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In this paper, we study the minimax estimation of the Bochner integral $$μ_k(P):=\int_{\mathcal{X}} k(\cdot,x)\,dP(x),$$ also called as the kernel mean embedding, based on random samples drawn i.i.d.~from $P$, where $k:\mathcal{X}\times\mathcal{X}\rightarrow\mathbb{R}$ is a positive definite kernel. Various estimators (including the empirical estimator), $\hatθ_n$ of $μ_k(P)$ are studied in the literature wherein all of them satisfy $\bigl\ \hatθ_nμ_k(P)\bigr\_{\mathcal{H}_k}=O_P(n^{1/2})$ with $\mathcal{H}_k$ being the reproducing kernel Hilbert space induced by $k$. The main contribution of the paper is in showing that the above mentioned rate of $n^{1/2}$ is minimax in $\\cdot\_{\mathcal{H}_k}$ and $\\cdot\_{L^2(\mathbb{R}^d)}$norms over the class of discrete measures and the class of measures that has an infinitely differentiable density, with $k$ being a continuous translationinvariant kernel on $\mathbb{R}^d$. The interesting aspect of this result is that the minimax rate is independent of the smoothness of the kernel and the density of $P$ (if it exists). This result has practical consequences in statistical applications as the mean embedding has been widely employed in nonparametric hypothesis testing, density estimation, causal inference and feature selection, through its relation to energy distance (and distance covariance).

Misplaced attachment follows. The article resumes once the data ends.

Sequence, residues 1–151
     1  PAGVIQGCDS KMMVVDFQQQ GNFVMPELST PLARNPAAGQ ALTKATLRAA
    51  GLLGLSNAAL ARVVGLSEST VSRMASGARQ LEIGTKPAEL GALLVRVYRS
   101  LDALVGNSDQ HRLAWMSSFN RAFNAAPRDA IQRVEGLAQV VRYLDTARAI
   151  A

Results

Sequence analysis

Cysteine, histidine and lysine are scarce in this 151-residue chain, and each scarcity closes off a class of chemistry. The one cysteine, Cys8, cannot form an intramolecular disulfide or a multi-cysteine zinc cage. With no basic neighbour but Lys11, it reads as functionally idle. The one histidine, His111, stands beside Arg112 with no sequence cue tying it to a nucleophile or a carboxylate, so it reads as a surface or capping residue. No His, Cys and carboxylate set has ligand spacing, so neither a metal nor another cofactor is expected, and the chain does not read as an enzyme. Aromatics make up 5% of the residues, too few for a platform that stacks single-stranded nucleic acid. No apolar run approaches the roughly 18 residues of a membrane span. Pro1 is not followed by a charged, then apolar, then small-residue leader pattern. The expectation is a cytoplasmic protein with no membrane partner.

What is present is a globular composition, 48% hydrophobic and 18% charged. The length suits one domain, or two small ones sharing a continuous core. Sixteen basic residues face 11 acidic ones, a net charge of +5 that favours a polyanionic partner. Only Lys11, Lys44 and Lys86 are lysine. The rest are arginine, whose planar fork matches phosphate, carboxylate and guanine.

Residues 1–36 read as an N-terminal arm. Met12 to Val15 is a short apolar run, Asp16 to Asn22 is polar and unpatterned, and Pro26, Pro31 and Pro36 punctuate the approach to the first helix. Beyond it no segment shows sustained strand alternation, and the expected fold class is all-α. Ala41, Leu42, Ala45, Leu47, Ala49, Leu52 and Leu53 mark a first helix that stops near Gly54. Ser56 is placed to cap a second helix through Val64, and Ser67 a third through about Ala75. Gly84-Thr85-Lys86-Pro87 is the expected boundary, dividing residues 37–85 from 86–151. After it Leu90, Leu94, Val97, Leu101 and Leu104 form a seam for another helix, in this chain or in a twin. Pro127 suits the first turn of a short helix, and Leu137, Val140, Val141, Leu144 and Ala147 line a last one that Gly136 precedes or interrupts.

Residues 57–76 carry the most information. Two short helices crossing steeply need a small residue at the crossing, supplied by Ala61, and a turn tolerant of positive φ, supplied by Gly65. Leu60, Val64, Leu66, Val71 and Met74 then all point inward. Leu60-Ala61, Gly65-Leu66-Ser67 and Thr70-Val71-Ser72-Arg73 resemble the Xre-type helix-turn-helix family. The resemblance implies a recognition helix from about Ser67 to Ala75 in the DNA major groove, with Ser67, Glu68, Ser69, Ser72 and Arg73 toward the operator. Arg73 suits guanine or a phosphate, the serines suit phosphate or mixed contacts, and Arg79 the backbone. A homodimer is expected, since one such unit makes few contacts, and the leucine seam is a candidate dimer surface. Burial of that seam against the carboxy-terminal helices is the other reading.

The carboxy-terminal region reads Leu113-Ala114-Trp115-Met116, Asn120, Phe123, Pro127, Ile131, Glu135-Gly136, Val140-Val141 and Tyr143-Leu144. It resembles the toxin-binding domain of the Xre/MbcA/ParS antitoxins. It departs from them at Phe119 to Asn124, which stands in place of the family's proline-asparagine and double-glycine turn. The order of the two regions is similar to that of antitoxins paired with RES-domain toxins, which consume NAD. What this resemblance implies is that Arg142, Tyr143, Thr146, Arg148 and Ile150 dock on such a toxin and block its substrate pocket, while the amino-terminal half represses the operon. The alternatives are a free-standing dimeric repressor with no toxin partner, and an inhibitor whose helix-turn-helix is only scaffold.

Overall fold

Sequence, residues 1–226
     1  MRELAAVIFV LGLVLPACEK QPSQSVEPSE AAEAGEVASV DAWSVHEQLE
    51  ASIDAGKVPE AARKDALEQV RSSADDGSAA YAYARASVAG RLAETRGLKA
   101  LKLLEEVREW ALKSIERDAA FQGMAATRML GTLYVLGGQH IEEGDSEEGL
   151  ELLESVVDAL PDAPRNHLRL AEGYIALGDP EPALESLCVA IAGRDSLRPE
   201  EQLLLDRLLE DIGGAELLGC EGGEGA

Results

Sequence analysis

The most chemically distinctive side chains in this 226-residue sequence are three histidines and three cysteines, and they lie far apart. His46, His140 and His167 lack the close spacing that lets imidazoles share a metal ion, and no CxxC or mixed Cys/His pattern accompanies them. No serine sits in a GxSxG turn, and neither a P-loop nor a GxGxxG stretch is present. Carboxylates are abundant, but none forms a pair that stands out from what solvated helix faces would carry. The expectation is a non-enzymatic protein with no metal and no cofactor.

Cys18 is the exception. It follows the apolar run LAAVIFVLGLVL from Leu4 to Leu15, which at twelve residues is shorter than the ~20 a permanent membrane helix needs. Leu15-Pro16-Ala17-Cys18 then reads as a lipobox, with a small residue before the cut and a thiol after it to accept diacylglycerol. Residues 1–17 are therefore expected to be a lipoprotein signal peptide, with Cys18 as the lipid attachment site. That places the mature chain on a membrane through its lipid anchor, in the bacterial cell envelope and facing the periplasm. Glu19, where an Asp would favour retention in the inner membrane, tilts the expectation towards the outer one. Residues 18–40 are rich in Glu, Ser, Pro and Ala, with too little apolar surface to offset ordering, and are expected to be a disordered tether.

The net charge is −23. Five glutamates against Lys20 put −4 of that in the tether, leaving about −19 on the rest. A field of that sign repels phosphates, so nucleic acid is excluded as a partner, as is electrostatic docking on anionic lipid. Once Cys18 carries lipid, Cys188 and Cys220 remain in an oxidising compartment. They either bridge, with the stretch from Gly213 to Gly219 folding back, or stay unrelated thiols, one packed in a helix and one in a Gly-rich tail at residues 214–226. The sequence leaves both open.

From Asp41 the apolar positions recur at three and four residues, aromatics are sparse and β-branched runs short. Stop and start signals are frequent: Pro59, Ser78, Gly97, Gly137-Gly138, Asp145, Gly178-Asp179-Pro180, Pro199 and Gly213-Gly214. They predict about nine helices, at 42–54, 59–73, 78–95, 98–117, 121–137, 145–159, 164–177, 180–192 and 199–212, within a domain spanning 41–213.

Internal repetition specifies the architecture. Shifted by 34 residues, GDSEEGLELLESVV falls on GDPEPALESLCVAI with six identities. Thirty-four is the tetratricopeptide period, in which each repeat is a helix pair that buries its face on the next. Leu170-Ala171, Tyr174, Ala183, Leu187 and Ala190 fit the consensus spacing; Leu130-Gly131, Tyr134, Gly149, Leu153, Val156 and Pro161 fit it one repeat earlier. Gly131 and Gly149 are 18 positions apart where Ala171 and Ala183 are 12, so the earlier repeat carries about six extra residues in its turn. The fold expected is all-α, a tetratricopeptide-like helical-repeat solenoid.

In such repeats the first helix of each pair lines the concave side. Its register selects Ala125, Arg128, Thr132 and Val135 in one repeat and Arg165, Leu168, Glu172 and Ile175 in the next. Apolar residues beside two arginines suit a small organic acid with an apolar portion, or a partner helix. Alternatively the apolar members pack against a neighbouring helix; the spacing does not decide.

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Submitted 31 July, 2017; v1 submitted 13 February, 2016; originally announced February 2016.

Towards a Learning Theory of CauseEffect Inference
Authors:
David LopezPaz,
Krikamol Muandet,
Bernhard Schölkopf,
Ilya Tolstikhin
Abstract:
We pose causal inference as the problem of learning to classify probability distributions. In particular, we assume access to a collection $\{(S_i,l_i)\}_{i=1}^n$, where each $S_i$ is a sample drawn from the probability distribution of $X_i \times Y_i$, and $l_i$ is a binary label indicating whether "$X_i \to Y_i$" or "$X_i \leftarrow Y_i$". Given these data, we build a causal inference rule in tw…
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We pose causal inference as the problem of learning to classify probability distributions. In particular, we assume access to a collection $\{(S_i,l_i)\}_{i=1}^n$, where each $S_i$ is a sample drawn from the probability distribution of $X_i \times Y_i$, and $l_i$ is a binary label indicating whether "$X_i \to Y_i$" or "$X_i \leftarrow Y_i$". Given these data, we build a causal inference rule in two steps. First, we featurize each $S_i$ using the kernel mean embedding associated with some characteristic kernel. Second, we train a binary classifier on such embeddings to distinguish between causal directions. We present generalization bounds showing the statistical consistency and learning rates of the proposed approach, and provide a simple implementation that achieves stateoftheart causeeffect inference. Furthermore, we extend our ideas to infer causal relationships between more than two variables.